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Most of the time, abnormal cervical cells heal without treatment. But sometimes, they can develop into cancer. Treatments for precancerous cells are highly effective at preventing cervical cancer. That is why it is so important to have regular Pap tests and to follow up on any abnormal results.
LEEP is one type of treatment for abnormal cervical cells.
Whether you have been told that you need LEEP, or are a concerned friend, family member, or partner, you may have many questions. Here are the answers to some questions women commonly ask about LEEP.
LEEP is a treatment for abnormal cells on the cervix. LEEP — short for loop electrosurgical excision procedure — removes abnormal tissue by cutting it away using a thin wire loop that carries an electrical current. It may be performed after abnormal cells are found during a Pap test, colposcopy, or biopsy.
LEEP cures the problem about 90 percent of the time.
If LEEP does not cure your problem, you may have LEEP again, or your health care provider may recommend another treatment.
During the LEEP procedure, the health care provider usually looks through a colposcope to see your cervix more clearly.
A LEEP procedure takes about 10 minutes.
Is LEEP Painful?No — most women do not feel anything. Some women feel mild discomfort or cramping.
Try to schedule the LEEP procedure for shortly after the end of your period. This will give your cervix time to heal before you have your period again.
Ask your health care provider if you should take an over-the-counter pain reliever about an hour before your procedure to reduce the chance of discomfort.
After the LEEP procedure, you may feel mild cramping for a day or so. If you're uncomfortable, use oral pain relievers, such as acetaminophen (like Tylenol) or ibuprofen (like Advil).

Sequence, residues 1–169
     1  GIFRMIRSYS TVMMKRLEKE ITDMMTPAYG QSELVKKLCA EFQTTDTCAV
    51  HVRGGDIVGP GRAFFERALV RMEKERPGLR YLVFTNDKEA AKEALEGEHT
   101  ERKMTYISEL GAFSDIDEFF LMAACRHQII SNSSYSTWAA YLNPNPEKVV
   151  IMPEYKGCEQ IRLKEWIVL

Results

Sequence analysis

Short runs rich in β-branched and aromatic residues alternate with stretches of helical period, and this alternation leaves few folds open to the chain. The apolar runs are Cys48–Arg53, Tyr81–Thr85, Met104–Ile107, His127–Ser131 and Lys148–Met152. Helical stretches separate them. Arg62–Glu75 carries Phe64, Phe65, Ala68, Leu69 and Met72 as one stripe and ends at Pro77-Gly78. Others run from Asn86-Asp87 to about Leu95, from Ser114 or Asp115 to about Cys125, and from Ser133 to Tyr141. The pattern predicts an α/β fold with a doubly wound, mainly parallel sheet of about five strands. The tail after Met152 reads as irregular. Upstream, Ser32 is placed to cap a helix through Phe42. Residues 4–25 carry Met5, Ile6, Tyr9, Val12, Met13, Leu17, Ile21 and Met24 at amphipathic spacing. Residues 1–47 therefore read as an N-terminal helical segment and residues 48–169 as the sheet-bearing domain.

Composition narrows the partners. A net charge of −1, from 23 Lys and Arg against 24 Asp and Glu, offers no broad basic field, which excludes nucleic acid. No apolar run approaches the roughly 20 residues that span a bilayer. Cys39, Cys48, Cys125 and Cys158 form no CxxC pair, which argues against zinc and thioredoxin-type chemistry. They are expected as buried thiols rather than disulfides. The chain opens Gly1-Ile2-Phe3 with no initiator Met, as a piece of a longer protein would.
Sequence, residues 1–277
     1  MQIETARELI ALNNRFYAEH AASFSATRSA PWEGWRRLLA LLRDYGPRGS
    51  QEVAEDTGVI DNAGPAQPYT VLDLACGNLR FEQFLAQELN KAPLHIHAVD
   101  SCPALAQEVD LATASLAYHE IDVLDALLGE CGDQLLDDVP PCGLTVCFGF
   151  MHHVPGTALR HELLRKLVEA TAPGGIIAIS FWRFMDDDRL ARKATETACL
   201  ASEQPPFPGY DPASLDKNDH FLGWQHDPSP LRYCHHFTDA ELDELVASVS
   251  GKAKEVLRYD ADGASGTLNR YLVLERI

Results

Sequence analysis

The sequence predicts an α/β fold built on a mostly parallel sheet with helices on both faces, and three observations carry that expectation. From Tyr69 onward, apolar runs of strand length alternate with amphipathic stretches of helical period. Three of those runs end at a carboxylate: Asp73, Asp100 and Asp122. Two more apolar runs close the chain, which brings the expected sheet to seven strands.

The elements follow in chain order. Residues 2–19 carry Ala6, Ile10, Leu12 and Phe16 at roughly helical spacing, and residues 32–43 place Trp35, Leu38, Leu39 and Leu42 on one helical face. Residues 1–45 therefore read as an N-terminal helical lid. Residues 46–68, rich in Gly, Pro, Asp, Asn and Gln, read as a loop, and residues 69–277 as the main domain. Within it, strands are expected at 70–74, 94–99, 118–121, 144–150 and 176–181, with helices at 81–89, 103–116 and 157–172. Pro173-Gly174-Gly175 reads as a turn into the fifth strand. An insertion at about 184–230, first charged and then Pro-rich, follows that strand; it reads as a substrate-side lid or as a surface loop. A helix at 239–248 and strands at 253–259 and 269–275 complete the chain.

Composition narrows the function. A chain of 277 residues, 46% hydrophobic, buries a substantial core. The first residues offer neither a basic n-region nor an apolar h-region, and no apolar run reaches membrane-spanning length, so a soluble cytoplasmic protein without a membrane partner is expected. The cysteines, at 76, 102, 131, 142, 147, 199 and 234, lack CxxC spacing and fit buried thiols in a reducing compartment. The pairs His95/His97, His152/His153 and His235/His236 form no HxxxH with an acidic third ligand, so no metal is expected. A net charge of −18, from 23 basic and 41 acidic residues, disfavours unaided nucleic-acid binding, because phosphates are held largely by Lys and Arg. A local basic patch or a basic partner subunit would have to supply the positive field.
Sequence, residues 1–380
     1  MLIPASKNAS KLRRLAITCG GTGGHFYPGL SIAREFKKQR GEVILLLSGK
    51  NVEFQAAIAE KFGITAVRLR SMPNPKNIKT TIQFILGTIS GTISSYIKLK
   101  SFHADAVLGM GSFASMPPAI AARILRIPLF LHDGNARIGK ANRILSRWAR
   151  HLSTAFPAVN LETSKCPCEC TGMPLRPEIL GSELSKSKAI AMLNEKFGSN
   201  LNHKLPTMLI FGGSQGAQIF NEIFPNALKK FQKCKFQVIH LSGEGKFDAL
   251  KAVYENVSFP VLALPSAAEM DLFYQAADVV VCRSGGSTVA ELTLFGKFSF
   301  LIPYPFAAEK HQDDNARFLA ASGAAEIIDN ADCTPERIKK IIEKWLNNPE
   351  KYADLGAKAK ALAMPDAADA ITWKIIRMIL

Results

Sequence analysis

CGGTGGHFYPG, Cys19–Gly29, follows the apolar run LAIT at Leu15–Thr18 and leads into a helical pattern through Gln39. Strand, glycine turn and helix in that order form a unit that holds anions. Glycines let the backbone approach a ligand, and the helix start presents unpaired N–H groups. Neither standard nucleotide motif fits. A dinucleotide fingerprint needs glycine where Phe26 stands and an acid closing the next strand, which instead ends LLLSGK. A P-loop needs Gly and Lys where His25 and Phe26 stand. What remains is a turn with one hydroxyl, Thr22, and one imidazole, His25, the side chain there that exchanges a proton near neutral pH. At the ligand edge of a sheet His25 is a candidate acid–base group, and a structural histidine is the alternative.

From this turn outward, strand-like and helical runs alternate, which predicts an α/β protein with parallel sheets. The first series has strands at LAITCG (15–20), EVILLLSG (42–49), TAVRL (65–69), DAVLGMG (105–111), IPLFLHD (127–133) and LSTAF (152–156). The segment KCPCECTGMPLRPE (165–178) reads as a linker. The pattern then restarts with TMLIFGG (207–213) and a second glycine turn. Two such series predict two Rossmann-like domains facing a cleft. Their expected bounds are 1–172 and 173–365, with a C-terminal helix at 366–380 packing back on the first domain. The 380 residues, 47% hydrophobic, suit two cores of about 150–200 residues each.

You probably will have a watery discharge for several weeks. It may be heavy and may be mixed with a little blood. There also may be some odor to the discharge. In addition to normal bathing, wash your labia (lips of the vulva) with plain water several times a day for a few days.
Do not douche or use tampons for several weeks after having the LEEP procedure — talk with your health care provider about how long you should wait.
Your health care provider will help you decide how long you should wait to have sex again. In general, women should wait 3–4 weeks after having the LEEP procedure before having vaginal intercourse. This allows the cervix time to heal and reduces the risk of infection. You can enjoy other kinds of sex that doesn't involve inserting anything into your vagina.
Continue taking your medications as usual — including the birth control pill. You can also continue to use any other method of birth control.
Most women do not have any serious side effects after the LEEP procedure.
Rare complications of LEEP include
You should call your health care provider if you have
LEEP may increase the risk of preterm birth in future pregnancies. Talk with your health care provider if you plan on getting pregnant in the future.
LEEP During Pregnancy
Health care providers usually try to wait until after birth to treat a pregnant woman's abnormal cervical cells. Delaying treatment is usually safe because it generally takes a long time for abnormal cervical cells to become cancerous.
Yes. Other treatments include
Another way to manage abnormal cervical cells is to monitor them and see if treatment is necessary. Your health care provider may recommend more frequent Pap tests and follow-up colposcopies to see if the cells heal themselves. Your health care provider can discuss your best treatment plan with you.
You can get LEEP at many Planned Parenthood health centers, or at a clinic, or private health care provider.
Q&A with Dr. Cullins